As a candidate in 2013, Herring decried that activism and vowed to “take the politics out of the office.”
But Bob Holsworth, a former Virginia Commonwealth University professor and longtime observer of state politics, says both Herring and Cuccinelli used their positions “to aggressively promote their values.”
The national associations of Republican and Democratic attorneys general, which in the past stayed out of races where there was an incumbent, have abandoned that posture.
The Republican group had given $1.15 million to Adams as of Sept. 28 and was his largest single donor.
The Democratic group has contributed over $1.5 million to Herring, again more than anyone else. Herring has raised $4.6 million and had $2.9 million on hand as of Aug. 31. Adams, in the same period, had raised $1.8 million and had $598,000 on hand.
Herring, 56, won office in 2013 by 165 votes out of about 207,000 cast.
Twelve days into his term, he refused to defend Virginia’s same-sex marriage ban and entered the case on behalf of the challengers. Their victory at the U.S. Supreme Court helped end similar bans across the country.
“My decision was informed by our unique history on civil rights,” Herring said, citing the commonwealth’s past stances — all eventually overturned by the high court — on school segregation, interracial marriage and gender discrimination at the Virginia Military Institute. “We should not let injustices of the past be repeated again.”
Adams, 43 — a first-time candidate who is a partner at the Richmond-based law firm McGuire Woods, clerked for Supreme Court Justice Clarence Thomas and served as associate White House counsel under President George W. Bush — said Herring’s actions in the marriage case infuriated him.
“He literally got on the other side of the case from his client,” said the Republican, who cites his Baptist faith in explaining his personal opposition to same-sex marriage but says those beliefs would not affect his legal decisions as attorney general.
The ban, he said, “was the law in Virginia. His job as attorney general was to defend that law.”
Herring, whose actions as attorney general include protecting women’s health clinics that offer abortions and addressing a backlog of untested rape kits, paints Adams as a “more extreme culture warrior” than Cuccinelli.
The Democrat called his opponent “100 percent anti-choice,” citing Adams’s work representing clients who objected to requirements that employers provide and pay for contraception for their employees.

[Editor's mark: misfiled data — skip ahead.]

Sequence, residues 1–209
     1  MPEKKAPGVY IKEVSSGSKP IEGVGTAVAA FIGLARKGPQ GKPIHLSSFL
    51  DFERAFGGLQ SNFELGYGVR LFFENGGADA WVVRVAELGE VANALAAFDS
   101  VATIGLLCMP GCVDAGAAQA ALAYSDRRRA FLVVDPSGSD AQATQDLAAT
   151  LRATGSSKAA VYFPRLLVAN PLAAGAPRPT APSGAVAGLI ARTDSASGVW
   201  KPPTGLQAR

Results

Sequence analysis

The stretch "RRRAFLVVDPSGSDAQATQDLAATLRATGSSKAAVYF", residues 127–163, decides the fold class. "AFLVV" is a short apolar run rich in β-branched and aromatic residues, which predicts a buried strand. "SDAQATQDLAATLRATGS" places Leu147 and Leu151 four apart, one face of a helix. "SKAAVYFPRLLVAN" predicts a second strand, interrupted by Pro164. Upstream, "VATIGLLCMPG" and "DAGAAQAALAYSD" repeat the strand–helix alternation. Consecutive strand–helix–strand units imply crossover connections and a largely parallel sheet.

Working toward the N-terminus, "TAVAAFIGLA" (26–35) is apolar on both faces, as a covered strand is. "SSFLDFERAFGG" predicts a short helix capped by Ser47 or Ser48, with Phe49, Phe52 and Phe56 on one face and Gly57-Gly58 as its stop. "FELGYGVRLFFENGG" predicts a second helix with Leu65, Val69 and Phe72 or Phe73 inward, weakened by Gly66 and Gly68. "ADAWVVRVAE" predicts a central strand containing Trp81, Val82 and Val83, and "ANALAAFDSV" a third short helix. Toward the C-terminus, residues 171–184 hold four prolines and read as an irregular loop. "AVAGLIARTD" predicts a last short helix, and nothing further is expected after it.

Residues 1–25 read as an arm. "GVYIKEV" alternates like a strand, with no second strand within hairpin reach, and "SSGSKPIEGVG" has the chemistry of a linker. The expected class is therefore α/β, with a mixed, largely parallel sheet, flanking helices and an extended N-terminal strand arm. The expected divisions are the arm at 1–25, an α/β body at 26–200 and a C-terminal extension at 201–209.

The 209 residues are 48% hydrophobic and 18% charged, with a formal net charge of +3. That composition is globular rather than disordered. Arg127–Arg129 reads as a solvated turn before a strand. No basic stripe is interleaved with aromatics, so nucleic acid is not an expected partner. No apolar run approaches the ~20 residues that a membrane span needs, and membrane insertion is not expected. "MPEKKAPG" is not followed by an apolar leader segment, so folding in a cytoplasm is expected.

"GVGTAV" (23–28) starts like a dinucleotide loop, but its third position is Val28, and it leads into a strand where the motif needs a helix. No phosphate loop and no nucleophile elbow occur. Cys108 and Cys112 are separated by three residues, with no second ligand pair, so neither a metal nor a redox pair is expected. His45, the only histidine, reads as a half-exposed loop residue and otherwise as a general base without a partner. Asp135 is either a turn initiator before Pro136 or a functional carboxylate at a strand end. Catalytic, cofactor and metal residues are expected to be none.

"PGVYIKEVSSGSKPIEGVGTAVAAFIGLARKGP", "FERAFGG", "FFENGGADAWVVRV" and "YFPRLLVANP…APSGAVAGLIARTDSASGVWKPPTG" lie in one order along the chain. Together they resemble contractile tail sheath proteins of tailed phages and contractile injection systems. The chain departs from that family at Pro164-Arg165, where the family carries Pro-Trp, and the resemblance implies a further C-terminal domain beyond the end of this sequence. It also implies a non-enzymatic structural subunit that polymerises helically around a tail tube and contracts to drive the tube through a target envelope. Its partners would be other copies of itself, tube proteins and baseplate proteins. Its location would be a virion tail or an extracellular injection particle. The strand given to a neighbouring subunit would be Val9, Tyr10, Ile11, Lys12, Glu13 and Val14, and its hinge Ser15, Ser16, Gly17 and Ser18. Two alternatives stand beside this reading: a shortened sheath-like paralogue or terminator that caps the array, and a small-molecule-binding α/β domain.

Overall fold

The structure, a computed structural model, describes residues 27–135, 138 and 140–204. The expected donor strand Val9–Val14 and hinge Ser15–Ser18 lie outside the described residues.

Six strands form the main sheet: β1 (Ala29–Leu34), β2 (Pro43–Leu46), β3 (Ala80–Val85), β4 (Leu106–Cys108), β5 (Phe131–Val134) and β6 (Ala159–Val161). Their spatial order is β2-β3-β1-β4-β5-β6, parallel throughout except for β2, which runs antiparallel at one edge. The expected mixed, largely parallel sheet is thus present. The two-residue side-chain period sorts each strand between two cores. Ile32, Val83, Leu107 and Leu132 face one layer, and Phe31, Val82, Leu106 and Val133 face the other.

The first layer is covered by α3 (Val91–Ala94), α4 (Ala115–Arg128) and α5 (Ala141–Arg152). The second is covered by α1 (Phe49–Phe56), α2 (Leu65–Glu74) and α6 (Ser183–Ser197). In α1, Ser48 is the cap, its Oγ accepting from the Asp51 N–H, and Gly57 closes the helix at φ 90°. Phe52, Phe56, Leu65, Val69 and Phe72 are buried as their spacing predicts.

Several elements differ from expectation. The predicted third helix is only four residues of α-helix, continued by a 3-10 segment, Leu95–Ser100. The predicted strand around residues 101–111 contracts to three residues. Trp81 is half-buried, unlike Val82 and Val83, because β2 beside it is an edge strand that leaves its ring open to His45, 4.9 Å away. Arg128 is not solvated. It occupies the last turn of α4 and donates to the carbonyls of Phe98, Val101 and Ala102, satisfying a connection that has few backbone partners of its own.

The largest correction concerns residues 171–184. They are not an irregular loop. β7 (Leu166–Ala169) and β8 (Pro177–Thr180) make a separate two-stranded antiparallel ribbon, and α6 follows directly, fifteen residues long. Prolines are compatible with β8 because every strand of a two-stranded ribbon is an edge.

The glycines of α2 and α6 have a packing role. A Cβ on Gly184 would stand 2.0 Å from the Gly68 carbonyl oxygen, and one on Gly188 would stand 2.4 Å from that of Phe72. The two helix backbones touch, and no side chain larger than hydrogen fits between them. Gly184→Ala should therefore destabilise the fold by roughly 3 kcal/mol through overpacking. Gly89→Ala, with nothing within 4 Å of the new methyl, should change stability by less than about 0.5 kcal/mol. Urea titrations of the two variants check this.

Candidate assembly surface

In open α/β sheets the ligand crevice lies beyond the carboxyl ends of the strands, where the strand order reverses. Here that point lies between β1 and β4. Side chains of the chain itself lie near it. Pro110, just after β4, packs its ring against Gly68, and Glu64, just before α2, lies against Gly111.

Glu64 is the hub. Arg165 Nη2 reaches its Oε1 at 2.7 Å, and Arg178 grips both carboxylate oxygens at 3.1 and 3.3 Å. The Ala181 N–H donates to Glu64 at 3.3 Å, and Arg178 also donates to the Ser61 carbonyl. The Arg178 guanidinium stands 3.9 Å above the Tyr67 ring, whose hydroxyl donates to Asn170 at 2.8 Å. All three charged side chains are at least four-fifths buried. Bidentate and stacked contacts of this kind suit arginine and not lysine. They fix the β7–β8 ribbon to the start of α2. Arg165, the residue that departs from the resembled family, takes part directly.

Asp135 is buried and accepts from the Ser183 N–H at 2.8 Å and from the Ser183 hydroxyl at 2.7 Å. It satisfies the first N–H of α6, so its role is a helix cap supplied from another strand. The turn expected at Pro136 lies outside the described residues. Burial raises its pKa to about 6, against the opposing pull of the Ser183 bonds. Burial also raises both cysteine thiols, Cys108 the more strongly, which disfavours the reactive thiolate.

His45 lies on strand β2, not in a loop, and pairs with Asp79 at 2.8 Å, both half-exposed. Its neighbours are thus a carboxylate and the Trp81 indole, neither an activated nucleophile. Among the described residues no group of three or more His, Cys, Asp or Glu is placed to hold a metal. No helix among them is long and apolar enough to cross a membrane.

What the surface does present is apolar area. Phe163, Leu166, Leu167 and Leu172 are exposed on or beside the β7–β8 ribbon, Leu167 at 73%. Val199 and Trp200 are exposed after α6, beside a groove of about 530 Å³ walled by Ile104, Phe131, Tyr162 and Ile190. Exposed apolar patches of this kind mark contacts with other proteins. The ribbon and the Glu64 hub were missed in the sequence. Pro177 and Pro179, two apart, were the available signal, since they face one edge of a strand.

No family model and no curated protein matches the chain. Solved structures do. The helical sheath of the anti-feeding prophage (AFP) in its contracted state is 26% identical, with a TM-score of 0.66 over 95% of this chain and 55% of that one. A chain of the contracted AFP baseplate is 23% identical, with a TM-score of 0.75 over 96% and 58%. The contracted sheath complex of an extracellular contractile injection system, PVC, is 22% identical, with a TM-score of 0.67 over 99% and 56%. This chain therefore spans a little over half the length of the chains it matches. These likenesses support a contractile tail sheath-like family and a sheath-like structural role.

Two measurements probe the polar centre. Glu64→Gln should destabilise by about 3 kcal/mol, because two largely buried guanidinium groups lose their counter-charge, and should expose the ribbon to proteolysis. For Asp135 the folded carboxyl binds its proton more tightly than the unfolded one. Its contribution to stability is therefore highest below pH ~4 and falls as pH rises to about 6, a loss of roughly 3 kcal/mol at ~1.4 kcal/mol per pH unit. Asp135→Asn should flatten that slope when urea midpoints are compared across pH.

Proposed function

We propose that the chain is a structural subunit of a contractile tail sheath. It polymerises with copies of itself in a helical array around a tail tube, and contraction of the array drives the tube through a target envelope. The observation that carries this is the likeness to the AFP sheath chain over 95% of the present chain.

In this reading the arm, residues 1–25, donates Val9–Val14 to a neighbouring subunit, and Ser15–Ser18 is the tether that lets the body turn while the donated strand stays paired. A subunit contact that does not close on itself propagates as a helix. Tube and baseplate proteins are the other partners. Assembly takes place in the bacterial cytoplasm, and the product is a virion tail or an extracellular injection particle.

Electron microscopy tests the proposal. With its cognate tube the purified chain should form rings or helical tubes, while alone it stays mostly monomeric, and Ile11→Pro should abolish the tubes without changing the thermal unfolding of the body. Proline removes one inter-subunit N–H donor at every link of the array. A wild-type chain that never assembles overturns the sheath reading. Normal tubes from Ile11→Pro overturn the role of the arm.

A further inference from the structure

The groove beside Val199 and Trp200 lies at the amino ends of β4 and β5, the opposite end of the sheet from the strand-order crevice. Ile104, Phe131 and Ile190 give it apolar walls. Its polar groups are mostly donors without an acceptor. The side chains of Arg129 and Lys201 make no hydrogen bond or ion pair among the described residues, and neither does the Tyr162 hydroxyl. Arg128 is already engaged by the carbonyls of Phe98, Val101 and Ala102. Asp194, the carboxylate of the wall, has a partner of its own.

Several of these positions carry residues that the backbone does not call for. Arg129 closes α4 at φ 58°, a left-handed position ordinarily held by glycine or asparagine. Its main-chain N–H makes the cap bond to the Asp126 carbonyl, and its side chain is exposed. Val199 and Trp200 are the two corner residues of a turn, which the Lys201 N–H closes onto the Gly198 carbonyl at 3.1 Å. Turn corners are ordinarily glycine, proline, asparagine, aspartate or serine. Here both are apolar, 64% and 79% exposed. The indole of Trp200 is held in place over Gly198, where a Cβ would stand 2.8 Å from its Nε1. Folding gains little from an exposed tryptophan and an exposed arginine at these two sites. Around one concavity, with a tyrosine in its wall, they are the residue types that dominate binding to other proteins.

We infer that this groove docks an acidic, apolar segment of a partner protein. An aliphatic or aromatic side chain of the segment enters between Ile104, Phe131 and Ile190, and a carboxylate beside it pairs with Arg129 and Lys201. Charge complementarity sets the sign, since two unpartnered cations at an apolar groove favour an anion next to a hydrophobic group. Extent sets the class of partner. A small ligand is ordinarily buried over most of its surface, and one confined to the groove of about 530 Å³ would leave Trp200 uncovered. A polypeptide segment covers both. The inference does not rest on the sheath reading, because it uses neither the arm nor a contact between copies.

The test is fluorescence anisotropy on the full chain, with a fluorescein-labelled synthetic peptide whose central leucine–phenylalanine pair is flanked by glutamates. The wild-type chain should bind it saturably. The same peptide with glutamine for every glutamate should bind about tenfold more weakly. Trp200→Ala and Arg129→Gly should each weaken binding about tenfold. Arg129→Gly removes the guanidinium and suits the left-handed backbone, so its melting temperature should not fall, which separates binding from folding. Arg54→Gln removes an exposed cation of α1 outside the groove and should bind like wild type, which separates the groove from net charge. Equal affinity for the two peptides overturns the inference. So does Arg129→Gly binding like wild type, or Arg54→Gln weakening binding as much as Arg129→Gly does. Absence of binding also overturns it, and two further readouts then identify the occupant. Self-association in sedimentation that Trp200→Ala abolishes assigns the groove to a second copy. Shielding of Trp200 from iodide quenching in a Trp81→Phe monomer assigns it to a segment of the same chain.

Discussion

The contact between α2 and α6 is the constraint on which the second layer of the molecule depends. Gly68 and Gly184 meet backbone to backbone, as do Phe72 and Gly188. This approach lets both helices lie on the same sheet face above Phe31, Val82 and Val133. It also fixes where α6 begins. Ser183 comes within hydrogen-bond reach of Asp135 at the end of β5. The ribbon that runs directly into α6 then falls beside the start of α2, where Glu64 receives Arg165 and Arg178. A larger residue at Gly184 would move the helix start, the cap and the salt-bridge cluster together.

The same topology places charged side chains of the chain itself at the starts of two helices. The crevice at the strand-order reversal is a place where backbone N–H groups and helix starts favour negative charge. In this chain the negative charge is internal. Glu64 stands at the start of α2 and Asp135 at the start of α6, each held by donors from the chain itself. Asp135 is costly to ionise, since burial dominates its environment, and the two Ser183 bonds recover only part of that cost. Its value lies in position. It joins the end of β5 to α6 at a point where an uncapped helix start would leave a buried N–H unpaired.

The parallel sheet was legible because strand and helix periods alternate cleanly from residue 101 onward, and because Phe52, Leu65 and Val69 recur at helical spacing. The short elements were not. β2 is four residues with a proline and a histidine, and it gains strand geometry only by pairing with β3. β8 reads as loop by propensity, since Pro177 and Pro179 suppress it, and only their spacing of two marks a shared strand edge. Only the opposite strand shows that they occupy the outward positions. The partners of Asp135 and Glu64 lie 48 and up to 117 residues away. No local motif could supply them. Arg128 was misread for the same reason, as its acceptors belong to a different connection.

Adams was the lawyer for 15 members of Congress in the Hobby Lobby case before the U.S. Supreme Court and for a number of law professors in a similar case by the Little Sisters of the Poor.
“I was there to protect the religious liberties of Catholic nuns,” Adams said in response to Herring’s criticism. “I have zero, zero, interest in limiting women’s access to birth control.”
The candidates also separate on the issue of gun rights. Herring supports uniform background checks and wants to limit individuals to buying one gun per month, a law that was in effect in Virginia for 20 years but repealed in 2012.
Adams said that people with criminal records or a history of mental illness should not be easily able to buy a gun, but he calls the one-gun-per-month rule an “unconstitutional infringement on Second Amendment rights.” At the same time, he said that if he is elected and the General Assembly were to pass such a law, he would defend it in court.
Herring’s years in office have given him statewide exposure, as well as multiple headlines that could either endear him to voters or send them to support his opponent.
Adams, meanwhile, could benefit from what Holsworth described as a natural advantage for Republican attorney general candidates among voters who consider the GOP the party of law and order.
As a purple state in a nonpresidential year, however, the deciding factor will probably be which gubernatorial candidate motivates his base more effectively, analysts said, and whether voters are drawn to the polls by a desire to embrace or repudiate Trump.
“So much depends on turnout,” Holsworth said. “Adams will run well in places that Republicans normally run well. But the big question is, will he face an overwhelmingly negative vote in Northern Virginia?”